Author Archive

Loss and Opportunity: Four Homes Rise from the Ashes Part II

by David Barrett, AIA

The idea that design can be a part of the healing process has been termed “restorative” or “regenerative” design. The cycle of life, death, and rebirth is one that nature models for us in homeostasis, and cultures celebrate in seasonal rituals that remind us of the spiritual message found in impermanence and even of death itself.  When the Four Mile Fire raged through the foothills west of Boulder last Labor Day, 6,000 acres of mountain landscape were suddenly and drastically transformed.  In its wake, 169 homes were destroyed and those who had lived in them were left with the challenge of reconstructing their lives, their dreams, their homes, and the precious landscapes they had inhabited.

Over this past year, as Architects, we have been invited into four projects that are engaged in this process.  With each, we have the opportunity to touch the essence of restorative design in both human and ecological terms.  This is Part Two of a four-part series, wherein we’ll be sharing the story of each of these homes, families, and individuals: their experience, the co-creative process, and the unfolding of the built form as a tool for creating positive energy, opportunity, and with it, a quality of healing.

See Part One

The Phoenix Rising

We live in a culture geared to immediate gratification and short-term thinking.  Sudden change, and even loss, can bring about opportunity for us to challenge our value systems, our sense of beauty, and our trust in the perfect unfolding of life itself.

These clients live in Wisconsin, and are deeply connected to their community, their work, and their roots.  They also have a long-term love affair with the Rocky Mountains.  Like many of us boomers, they were looking at their dreams and were determined to act upon them.  In this case, that dream is the building of a family retreat in the foothills west of Boulder.  This retreat will act as a place of coming together for them and their grown children, who are scattered around the country and are often off on world adventures.

The site they found spoke to them in its relative ease of access, while being a part of the ponderosa forest that weaves its way through lichen covered rock outcroppings.  However, what most struck them was the broad view wrapping around them from east to west, taking in the plains, the city lights of both Boulder and Denver, the undulating foothills, and glimpses of the Divide to the west.  Our client stood on the place in the site that we all sensed as “home” and asked for an architecture that would “drink in the views.”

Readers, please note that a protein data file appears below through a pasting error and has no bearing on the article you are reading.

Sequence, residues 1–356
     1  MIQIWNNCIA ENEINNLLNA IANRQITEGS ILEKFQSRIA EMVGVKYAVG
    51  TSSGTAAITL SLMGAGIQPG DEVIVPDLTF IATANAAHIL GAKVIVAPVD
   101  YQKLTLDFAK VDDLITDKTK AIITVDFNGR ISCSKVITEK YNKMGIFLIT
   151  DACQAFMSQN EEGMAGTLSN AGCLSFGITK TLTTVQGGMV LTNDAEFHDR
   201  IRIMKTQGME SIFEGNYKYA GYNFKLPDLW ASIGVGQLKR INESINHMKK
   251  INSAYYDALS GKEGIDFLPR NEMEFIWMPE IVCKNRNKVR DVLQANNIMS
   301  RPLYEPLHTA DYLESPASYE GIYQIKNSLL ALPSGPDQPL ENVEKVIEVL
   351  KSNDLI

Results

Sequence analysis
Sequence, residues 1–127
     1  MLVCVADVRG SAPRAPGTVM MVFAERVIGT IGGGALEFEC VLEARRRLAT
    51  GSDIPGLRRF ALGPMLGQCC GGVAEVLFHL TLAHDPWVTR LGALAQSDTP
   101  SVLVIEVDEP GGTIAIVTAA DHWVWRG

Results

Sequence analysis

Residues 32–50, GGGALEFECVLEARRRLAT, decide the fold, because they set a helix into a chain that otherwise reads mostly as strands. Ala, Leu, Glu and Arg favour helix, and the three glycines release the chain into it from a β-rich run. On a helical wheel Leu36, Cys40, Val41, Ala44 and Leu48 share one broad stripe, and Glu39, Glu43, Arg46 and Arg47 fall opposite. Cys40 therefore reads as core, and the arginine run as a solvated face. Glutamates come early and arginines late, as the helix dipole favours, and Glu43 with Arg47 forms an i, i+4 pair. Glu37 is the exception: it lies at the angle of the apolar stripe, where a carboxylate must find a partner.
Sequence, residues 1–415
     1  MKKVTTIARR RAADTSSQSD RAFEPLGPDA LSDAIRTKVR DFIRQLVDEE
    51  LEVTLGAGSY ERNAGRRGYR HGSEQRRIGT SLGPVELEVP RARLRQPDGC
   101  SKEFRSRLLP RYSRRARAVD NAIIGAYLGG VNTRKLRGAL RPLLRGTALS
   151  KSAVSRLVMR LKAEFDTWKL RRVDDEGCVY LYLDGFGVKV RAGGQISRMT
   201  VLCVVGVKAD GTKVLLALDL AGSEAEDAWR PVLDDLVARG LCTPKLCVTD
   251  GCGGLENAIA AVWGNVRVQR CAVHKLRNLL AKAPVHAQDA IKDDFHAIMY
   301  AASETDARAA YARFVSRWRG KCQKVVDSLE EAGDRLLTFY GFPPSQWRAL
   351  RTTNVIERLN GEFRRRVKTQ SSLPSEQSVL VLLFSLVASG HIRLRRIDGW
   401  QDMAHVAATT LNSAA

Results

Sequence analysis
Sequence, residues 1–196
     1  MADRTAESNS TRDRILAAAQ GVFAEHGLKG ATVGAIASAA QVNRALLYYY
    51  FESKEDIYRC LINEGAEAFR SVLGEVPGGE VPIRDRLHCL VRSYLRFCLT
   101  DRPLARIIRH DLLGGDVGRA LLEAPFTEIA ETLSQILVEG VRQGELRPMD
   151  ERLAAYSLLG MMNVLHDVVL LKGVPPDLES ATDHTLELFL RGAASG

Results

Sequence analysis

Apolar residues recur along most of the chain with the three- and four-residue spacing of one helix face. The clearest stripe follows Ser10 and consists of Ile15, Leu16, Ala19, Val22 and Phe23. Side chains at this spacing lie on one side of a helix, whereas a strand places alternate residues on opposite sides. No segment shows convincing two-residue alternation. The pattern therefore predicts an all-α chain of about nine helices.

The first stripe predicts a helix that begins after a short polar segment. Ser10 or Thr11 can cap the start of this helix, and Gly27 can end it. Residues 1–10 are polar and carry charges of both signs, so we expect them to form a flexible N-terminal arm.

Site Pre-Fire

This desired sense of reach led to a formal approach that both found fit from an allusion to the rolling landscape’s folded forms, and to the skyscape molded by our spectacular lenticular clouds.  Stretching a long, thin house on an east-west axis invited sun penetration and acted as a lens to frame the dynamic views.  Following our client’s esoteric cues for an interconnected geometry, we developed a design that was akin to a vessel for connections.  Upon completing the Site Plan Review Process with Boulder County and submitting for a building permit, the winds of change drove the Four Mile Fire up the western slope below the building site, consuming the four acre site in an inferno that blackened every tree in the mature ponderosa forest, and with it made opaque the dream they had been actively pursuing for years.

[...read the rest + many more images...]

June 1, 2011 at 2:40 pm 2 comments

Loss & Opportunity: Four Homes Rising from the Ashes

by David Barrett, AIA

The idea that design can be a part of the healing process has been termed “restorative” or “regenerative” design. The cycle of life, death, and rebirth is one that nature models for us in homeostasis, and cultures celebrate in seasonal rituals that remind us of the spiritual message found in impermanence and even of death itself.  When the Four Mile Fire raged through the foothills west of Boulder last Labor Day, 6,000 acres of mountain landscape were suddenly and drastically transformed.  In its wake, 169 homes were destroyed and those who had lived in them were left with the challenge of reconstructing their lives, their dreams, their homes, and the precious landscapes they had inhabited.  Each individual has a unique experience of loss.  Each has a story that includes, in one way or another, the states of processing death: shock, anger, moments of fear & despair, glimmers of hope, tough decisions & setbacks, and then in its own time, acceptance and rebirth.